• Ana

    A book about Troy, Briseis, Achilles, Hector, Agamemnon, Patroclus and the rest of the gang. TODAY WAS A GOOD DAY.

    Briseis and Achilles. I don't deserve this honor but I'll take it. I'm never getting off this cruise ship.

    Sorry, just channeling my inner 12-year-old.

    I was almost cured from my daily obsession and that book happened. This is all your fault, Val.

    A book about Troy, Briseis, Achilles, Hector, Agamemnon, Patroclus and the rest of the gang. TODAY WAS A GOOD DAY.

    Briseis and Achilles. I don't deserve this honor but I'll take it. I'm never getting off this cruise ship.

    Sorry, just channeling my inner 12-year-old.

    I was almost cured from my daily obsession and that book happened. This is all your fault, Val.

    Years of reading smutty Briseis/Achilles fanfiction has not prepared me for Pat Barker's dark poetry. Let me make one thing clear. This is not a romance novel. I don’t think I’m spoiling anything when I say that Greek mythology is beautifully tragic. This tale is no different. The author has managed to capture the true essence of Greek mythology. I appreciate her being straightforward and truthful in what happened and not romanticizing Achilles like many people do.

    You surely know the story, but let's quickly recap the plot:

    Agamemnon: I’m just being a greedy little bitch and want all the money, fame and happiness in the world for myself. I'm bored. We should totally attack Troy now.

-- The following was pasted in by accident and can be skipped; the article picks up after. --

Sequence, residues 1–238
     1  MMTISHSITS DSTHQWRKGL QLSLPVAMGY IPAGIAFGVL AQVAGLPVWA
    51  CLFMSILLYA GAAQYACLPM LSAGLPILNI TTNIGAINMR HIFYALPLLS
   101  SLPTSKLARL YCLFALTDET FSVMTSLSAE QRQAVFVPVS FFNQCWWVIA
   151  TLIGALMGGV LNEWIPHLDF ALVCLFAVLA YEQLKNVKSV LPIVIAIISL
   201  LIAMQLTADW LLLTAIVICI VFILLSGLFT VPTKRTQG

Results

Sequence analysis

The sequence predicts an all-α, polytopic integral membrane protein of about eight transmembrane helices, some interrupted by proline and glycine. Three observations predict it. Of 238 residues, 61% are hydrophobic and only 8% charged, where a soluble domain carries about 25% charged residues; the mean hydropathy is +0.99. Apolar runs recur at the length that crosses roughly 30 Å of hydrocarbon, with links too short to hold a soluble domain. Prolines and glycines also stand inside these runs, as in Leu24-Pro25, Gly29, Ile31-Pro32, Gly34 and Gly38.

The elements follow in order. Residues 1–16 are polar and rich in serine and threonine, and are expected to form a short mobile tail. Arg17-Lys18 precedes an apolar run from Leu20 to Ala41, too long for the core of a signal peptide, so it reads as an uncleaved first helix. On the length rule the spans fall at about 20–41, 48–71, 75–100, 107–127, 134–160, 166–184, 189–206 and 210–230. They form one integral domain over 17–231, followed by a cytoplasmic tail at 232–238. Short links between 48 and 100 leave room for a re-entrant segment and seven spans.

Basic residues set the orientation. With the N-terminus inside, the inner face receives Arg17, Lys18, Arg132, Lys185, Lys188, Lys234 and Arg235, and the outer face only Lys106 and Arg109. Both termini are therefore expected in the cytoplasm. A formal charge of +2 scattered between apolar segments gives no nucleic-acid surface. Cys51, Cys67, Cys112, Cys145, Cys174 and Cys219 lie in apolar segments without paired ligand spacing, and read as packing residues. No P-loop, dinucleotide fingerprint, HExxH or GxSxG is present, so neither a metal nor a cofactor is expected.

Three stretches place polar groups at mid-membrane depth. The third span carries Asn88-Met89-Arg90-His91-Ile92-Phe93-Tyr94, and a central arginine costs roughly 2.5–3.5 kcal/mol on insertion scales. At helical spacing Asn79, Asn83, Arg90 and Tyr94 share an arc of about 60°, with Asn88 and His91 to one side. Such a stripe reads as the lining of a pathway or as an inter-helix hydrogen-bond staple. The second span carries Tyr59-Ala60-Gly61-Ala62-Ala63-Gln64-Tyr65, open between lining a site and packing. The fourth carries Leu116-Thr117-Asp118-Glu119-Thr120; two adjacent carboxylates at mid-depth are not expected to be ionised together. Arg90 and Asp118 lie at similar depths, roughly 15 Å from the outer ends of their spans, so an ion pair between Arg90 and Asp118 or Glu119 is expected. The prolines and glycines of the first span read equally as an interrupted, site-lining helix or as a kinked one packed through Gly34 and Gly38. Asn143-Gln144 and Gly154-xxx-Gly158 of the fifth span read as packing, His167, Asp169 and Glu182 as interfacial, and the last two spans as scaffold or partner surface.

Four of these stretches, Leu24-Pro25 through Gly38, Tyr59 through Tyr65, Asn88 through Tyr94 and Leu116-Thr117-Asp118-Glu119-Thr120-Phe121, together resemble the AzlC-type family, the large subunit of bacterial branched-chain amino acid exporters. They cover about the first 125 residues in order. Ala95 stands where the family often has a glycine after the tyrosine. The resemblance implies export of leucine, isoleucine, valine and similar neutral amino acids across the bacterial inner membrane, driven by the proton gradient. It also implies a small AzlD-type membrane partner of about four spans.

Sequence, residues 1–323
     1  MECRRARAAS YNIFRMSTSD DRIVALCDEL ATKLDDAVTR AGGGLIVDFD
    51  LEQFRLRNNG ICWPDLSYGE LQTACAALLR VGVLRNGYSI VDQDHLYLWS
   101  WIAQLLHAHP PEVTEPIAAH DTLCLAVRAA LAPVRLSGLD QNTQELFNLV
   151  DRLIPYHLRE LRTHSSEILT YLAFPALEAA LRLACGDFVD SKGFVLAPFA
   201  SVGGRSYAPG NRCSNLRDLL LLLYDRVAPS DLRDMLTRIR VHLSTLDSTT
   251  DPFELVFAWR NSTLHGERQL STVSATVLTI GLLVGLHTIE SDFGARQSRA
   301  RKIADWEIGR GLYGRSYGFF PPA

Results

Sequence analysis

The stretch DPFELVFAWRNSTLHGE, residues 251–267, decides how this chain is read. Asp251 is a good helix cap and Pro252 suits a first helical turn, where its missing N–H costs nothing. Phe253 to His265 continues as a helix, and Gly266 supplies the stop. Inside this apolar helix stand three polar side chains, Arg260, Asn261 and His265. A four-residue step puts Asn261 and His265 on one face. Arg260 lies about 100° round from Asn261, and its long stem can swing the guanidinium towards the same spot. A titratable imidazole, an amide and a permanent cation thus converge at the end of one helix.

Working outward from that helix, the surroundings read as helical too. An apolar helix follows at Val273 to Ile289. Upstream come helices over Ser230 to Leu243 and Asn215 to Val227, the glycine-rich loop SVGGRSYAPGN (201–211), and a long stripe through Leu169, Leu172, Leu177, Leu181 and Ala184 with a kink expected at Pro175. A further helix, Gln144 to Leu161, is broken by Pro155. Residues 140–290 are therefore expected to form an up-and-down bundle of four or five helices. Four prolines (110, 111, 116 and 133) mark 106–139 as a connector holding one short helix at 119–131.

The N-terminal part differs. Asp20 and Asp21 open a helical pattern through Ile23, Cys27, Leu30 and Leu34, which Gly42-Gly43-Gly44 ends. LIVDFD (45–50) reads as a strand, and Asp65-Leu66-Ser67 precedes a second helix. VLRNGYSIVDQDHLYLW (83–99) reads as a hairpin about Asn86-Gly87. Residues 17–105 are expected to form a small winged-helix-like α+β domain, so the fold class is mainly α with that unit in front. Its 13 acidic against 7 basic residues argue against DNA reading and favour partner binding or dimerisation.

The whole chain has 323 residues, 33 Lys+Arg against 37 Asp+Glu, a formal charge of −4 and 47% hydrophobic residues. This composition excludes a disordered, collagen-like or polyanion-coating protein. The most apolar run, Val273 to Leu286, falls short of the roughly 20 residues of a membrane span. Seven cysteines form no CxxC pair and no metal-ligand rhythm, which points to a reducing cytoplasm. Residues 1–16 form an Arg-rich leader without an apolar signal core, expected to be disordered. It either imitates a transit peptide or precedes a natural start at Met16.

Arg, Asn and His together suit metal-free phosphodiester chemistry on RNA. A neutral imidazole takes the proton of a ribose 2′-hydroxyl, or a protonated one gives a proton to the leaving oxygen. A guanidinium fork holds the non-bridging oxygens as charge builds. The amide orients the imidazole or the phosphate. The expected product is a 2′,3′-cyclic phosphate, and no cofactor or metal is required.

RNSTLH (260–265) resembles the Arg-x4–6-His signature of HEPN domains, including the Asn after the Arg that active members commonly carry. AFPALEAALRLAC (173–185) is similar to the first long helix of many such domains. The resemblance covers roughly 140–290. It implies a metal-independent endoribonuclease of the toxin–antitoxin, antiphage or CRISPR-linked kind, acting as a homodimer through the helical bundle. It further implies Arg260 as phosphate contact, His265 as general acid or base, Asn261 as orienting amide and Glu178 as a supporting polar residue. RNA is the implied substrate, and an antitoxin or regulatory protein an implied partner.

Priam: I’d rather be a lover than a fighter because all my life i’ve been fighting 🎵

    Hector: Honor, duty, patriotism, blah blah.

    Odysseus: I'm smart.

    Patroclus: I'd die for you Achilles. Period.

    Achilles: I'm tryna be emo just let me.

    Briseis: I will outlive you all.

    That's exactly the way it is. That's precisely what happened, ok?

    How is it even possible to underestimate Briseis? A woman of such great courage and strength.

    (The Return Of Briseis To Achilles by Sir Peter Paul Rubens)

    She endured so much over those years, and yet she kept fighting, against all odds. What exactly was her relationship with Achilles? I believe they both cared for each other even though they couldn’t admit it to themselves. Unfortunately, Briseis is often being overlooked, sometimes even dismissed as unimportant. I need to remind myself (and others) of this passage from The Iliad more often.

    Is The Silence of the Girls romantic? No. Neither was the Iliad. To really convey the disgusting horror of war, you have to show it. There are no real villains or heroes. We do what we must.

    If you're hopelessly obsessed with Greek mythology and you just want a normal life clap your hands. #craziesunite

    (La colère d'Achille pour la perte de Briseis by Domenico Cunego)

    Trigger warnings:

    Book playlist:

    Ruelle - Deep End

    MIIA – Dynasty

    Meggie's Theme - Henry Mancini

    X-Ray Dog - The Vision

    X Ray Dog - Requiem Overture

    Audiomachine - An Unfinished Life

    Audiomachine – The Truth